But can you really blame the team’s lack of success on one player? You betcha. Wilt played with six Hall of Fame members (West, Baylor, Greer, Cunningham, Arizin, and Thurmond). But Chamberlain had a habit of causing unnecessary drama at the worst of times. Never mind the documented clashes he had with West and, more frequently Baylor during the ‘69 season – Wilt had destroyed the morale of a team even before that. Right before game 5 of the ‘65 Conference Finals, Sports Illustrated released a Chamberlain feature of him ripping then head-coach Dolph Schayes. They lost that series; shocker…

However, it is the Simmons and ex-76ers Jimmy Butler’s beef that is more memorable in the minds of NBA fans today. Specifically, the reports that came from the Athletic’s Zach Harper in that Butler “didn’t view [Simmons] on par with someone like himself or Embiid when it came to mental makeup.” That and Simmons’ voiced frustration about being relegated to off-ball duties during the Butler stint. Now numerous sources are claiming big Ben has cut off all communication with everyone in the 76ers organization, including Embiid. 

That might have something to do with him putting on the worst display of free-throw shooting in NBA playoff history for a player with at least 70 attempts. Missing 30-45 free throws in one series, which is more than Steve Nash missed in his entire career. This alongside a 26-point lead that was blown in Game 5, an awful play where Simmons looked scared to shoot the ball in the closing minutes of game 7, and head coach Doc Rivers saying he is unsure whether Simmons can be a championship point guard. Or maybe even just the 56 fourth-quarter minutes across seven games against the Hawks, where he took a total of three shots. Should I continue?

Because Simmons might be embarrassed, but he’s not the first 76er to retreat in his shell come big games. In Rick Barry’s autobiography, Confessions of a Basketball Gypsy, Barry brought up the harsh reality of Chamberlain.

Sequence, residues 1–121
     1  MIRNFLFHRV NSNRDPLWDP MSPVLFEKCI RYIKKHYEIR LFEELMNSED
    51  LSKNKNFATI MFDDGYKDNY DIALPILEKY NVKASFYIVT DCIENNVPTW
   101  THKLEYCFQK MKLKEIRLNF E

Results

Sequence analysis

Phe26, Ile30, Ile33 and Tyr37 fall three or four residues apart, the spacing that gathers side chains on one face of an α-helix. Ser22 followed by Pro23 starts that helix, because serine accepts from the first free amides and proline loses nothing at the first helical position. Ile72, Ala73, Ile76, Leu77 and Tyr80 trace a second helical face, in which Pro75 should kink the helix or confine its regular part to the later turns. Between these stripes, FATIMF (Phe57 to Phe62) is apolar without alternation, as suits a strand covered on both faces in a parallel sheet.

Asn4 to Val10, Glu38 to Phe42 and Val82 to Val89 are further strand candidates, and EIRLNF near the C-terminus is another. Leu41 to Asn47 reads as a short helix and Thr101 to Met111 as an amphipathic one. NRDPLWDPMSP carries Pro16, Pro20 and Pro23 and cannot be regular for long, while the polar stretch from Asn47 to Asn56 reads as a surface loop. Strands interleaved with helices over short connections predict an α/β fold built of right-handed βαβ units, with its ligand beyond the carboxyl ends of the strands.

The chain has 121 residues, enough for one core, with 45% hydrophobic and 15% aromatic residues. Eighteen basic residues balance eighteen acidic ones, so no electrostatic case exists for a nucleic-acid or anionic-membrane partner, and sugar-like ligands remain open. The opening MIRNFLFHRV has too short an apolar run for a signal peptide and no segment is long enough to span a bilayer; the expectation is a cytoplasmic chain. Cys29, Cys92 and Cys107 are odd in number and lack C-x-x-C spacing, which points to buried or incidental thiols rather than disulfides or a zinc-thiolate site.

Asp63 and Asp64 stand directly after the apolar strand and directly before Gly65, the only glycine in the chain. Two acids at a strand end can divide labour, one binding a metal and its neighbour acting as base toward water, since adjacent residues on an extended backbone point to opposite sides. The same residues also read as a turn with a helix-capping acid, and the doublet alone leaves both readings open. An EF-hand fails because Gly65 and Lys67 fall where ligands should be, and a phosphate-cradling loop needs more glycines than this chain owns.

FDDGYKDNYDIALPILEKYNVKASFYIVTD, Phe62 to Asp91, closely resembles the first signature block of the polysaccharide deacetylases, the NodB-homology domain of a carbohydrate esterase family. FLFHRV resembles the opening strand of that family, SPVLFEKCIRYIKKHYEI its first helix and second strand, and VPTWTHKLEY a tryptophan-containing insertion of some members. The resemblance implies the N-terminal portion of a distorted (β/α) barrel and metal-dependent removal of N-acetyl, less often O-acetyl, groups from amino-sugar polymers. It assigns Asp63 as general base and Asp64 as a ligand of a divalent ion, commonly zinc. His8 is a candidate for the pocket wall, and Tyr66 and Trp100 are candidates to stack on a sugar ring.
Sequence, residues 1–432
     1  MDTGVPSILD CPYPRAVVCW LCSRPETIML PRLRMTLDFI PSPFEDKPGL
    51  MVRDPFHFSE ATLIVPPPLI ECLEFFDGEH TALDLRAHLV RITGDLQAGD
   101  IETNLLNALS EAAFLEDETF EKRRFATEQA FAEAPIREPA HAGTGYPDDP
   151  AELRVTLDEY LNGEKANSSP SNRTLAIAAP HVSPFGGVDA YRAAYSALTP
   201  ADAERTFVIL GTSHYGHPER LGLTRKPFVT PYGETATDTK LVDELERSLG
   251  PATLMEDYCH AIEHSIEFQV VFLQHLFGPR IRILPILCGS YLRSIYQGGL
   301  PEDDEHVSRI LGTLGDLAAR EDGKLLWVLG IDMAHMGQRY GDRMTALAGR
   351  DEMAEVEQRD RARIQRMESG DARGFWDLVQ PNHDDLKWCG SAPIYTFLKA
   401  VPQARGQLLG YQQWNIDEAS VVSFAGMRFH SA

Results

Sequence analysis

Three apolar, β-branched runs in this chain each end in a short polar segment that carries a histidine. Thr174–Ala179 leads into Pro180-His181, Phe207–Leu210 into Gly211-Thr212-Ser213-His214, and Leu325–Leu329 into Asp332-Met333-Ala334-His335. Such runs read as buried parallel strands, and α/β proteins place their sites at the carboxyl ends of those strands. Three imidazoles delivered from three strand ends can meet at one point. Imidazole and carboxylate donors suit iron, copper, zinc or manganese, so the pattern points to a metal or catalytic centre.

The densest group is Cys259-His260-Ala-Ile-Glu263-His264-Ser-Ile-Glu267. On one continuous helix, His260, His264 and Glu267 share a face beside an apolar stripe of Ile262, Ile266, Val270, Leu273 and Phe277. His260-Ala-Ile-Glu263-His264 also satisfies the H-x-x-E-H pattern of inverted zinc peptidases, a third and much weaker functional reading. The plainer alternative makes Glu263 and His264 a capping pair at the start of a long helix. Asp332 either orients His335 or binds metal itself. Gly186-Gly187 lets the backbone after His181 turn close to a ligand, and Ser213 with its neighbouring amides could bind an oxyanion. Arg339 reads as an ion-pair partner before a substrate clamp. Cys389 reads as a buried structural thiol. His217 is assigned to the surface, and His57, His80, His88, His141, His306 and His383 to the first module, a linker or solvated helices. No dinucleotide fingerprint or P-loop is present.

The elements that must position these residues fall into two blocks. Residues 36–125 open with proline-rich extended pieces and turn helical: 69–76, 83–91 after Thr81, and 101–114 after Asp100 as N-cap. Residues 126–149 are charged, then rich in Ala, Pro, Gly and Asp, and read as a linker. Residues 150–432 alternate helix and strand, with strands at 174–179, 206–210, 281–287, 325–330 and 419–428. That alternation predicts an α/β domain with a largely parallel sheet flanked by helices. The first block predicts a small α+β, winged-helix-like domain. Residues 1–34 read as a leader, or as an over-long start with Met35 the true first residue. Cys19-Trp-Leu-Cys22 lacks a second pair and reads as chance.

“When it comes down to closing minutes of a tough game, an important game, he doesn’t want the ball, he doesn’t want any part of the pressure. It is at these times that greatness is determined, and Wilt doesn’t have it”. 

Rick Barry, Confessions of a Basketball Gypsy

Let’s analyze that for a second. In Game 7 of ‘68, Wilt took two shots after halftime. In Game 7 ‘69, he asked to be put out of the game with five minutes left because he ‘banged’ his knee. In Game 7 of ‘70, against a one-legged Willis Reed, Wilt never went at him, this time only taking three shots after halftime leading to a Knicks 16-point comeback. It was only made worse that he did this after a 45-26 clinic in game six. 

But nothing mirrors the two more than the eventual outcome of Wilt’s lunacy and vanishing tendencies. After the San Francisco Warriors self-destructed in ‘65 and lost 17 games in a row, the Lakers were intrigued enough for owner Bob Short to ask his players to vote whether or not he should purchase Wilt’s contract. The results were nine to two… against. Nine to two against! 

A team that had come short year after year against Russell’s Celtics voted against getting Wilt in his prime for nothing. Can you imagine James Harden’s Rockets voting whether to sign Giannis Antetokounmpo for nothing and voting against! Wilt ended up in Philadelphia for 30 cents to the dollar and it looks like Simmons will follow a similar fate. 

Unfortunately for Simmons however, I don’t think he has quite as much god-given talent as Chamberlain. Because even Chamberlain himself admitted in Wilt, “my teams could have won an NBA championship every year if I was totally committed to victory as he [Russell] was… I wish I had won those championships”.

For Simmons that choice is still there. It didn’t feel that long ago when he was being called the evolutionary Magic or the next LeBron. But if he can get past this playoff trauma, hopefully, his name will not be used as an example of what a talented NBA player should not do 50 years later.